Sun, Sep 10, 2006 - Page 7 News List

Let's learn more of Iran: Bush

WHAT THEY THINK The US president has struck a soft note on Iran as the US Congress bristles at the US tour of former Iranian president Khatami, a moderate


Striking a rare conciliatory note toward a state he has included in the "axis of evil," US President George W. Bush said late on Friday that he was "interested in learning more" about Iran and its government.

With US diplomats trying to drum up support for new sanctions against Tehran over its nuclear program, Bush underscored the importance of channels of communication -- and disclosed that he had personally signed off on granting a US visa to former Iranian president Mohammad Khatami.

The moderate Iranian leader, known for his diplomatic entreaties to the Clinton administration, was on a speaking tour of the US last week.

"I was interested to hear what he had to say," Bush told the Wall Street Journal in an interview. "I'm interested in learning more about the Iranian government, how they think, [and] what people think within [that] government."

The US president reiterated his conviction that the present government in Tehran, which denies Israel's right to exist and is believed to give support to radical Islamic movements, should not be allowed to acquire a nuclear weapon.

But he expressed the hope that Iranians could be persuaded to give up their nuclear weapons ambitions through diplomatic means.

"And in order for diplomacy to work, it's important to hear voices other than current President Mahmoud Ahmadinejad's," Bush said.

The remarks contrast with a statement made by Bush on Sept. 5, in which he branded Iran's president a "tyrant."

On Thursday, the White House also dismissed Ahmadinejad's offer to engage in a debate with Bush at the UN later this month, when the Iranian president is expected to be in New York to address the UN General Assembly.

The interview came as EU diplomat Javier Solana looked set to hold talks at an undisclosed location yesterday with Iran's top nuclear negotiator, Ali Larijani, in another bid to persuade Tehran to abandon uranium enrichment, which Iranians say is part of a peaceful energy program but Western nations fear could be used to manufacture nuclear bombs.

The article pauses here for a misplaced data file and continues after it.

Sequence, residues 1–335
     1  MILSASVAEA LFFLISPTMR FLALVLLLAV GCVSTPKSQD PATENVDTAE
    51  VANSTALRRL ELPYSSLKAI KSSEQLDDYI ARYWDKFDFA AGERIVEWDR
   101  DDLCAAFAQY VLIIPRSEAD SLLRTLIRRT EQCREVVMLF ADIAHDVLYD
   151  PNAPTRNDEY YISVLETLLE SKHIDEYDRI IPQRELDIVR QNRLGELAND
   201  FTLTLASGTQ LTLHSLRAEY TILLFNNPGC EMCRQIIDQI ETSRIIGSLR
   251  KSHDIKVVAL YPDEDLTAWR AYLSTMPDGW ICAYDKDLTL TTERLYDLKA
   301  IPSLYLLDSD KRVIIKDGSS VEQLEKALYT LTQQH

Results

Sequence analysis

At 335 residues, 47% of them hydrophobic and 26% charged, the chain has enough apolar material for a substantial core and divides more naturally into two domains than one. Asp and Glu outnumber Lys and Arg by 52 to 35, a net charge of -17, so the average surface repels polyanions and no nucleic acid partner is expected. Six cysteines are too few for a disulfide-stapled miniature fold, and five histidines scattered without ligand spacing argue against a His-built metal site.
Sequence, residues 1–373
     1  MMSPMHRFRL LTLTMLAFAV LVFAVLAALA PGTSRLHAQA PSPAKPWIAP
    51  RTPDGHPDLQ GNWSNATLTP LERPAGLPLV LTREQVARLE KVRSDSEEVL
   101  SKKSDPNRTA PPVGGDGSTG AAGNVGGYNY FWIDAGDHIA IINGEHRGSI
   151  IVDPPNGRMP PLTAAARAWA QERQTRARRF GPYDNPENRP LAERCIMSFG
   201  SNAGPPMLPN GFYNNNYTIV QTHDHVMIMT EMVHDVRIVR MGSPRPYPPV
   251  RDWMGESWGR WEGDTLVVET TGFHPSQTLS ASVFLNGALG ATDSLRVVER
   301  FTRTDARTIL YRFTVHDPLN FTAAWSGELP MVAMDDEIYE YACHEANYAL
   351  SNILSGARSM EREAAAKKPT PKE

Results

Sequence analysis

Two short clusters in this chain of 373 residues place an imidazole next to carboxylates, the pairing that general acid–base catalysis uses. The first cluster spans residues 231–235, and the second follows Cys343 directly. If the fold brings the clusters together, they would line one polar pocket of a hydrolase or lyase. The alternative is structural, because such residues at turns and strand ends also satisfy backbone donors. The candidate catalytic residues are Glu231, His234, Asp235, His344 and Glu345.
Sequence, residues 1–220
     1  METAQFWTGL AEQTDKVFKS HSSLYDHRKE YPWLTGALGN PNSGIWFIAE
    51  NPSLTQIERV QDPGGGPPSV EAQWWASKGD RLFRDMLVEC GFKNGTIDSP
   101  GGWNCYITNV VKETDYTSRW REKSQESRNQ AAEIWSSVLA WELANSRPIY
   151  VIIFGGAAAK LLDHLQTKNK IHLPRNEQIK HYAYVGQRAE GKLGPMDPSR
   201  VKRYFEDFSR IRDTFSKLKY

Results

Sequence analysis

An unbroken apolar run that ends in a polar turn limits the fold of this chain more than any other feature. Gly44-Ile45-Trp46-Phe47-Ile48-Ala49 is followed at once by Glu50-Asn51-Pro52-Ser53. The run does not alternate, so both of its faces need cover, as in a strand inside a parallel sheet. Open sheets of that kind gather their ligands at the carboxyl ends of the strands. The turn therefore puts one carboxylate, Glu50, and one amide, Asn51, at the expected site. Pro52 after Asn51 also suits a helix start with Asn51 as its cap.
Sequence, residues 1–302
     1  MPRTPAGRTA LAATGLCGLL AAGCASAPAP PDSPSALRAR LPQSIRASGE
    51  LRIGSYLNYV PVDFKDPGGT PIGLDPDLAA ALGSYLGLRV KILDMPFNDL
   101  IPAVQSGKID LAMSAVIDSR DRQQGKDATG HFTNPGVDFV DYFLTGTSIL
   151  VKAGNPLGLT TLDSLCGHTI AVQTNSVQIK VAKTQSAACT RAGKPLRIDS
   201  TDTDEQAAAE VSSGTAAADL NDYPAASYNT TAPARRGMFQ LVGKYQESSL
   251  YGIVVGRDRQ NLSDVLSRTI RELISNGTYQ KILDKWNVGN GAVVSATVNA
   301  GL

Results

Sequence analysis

Six world powers -- the US, China, Russia, France, Britain and Germany -- are weighing possible sanctions against Iran, which has refused to comply with a UN Security Council resolution demanding it freeze its enrichment program by Aug. 31.

Khatami was the most prominent Iranian to visit the US since Washington broke off diplomatic relations with Iran in 1979, after radical Islamic students occupied the US embassy in Tehran and held 53 US diplomats hostage for 444 days.

In speeches and interviews delivered during his US tour, Khatami seemed intent on smoothing over tensions and emphasized the language of reconciliation.

He urged the two countries to stop trading threats and restart dialogue while insisting that a freeze on Iranian nuclear activities could be discussed during negotiations.

Unconfirmed reports state that Khatami might meet with former US president Jimmy Carter, who has played a mediating role in the past.

Last May, Ahmadinejad sent a personal letter to Bush, which contained a broad overview of US-Iranian relations. The White House has dismissed the letter as a publicity stunt.

Although Bush has not attended any of Khatami's speeches, his interview indicates that he is well aware of their content.

Asked to comment on Khatami's remarks that the US would not be able to take strong action against Iran because it is already bogged down in Iraq, Bush replied: "Well, he also said it's very important for the coalition troops to stay in Iraq so that there is a stable government on the Iranian border."

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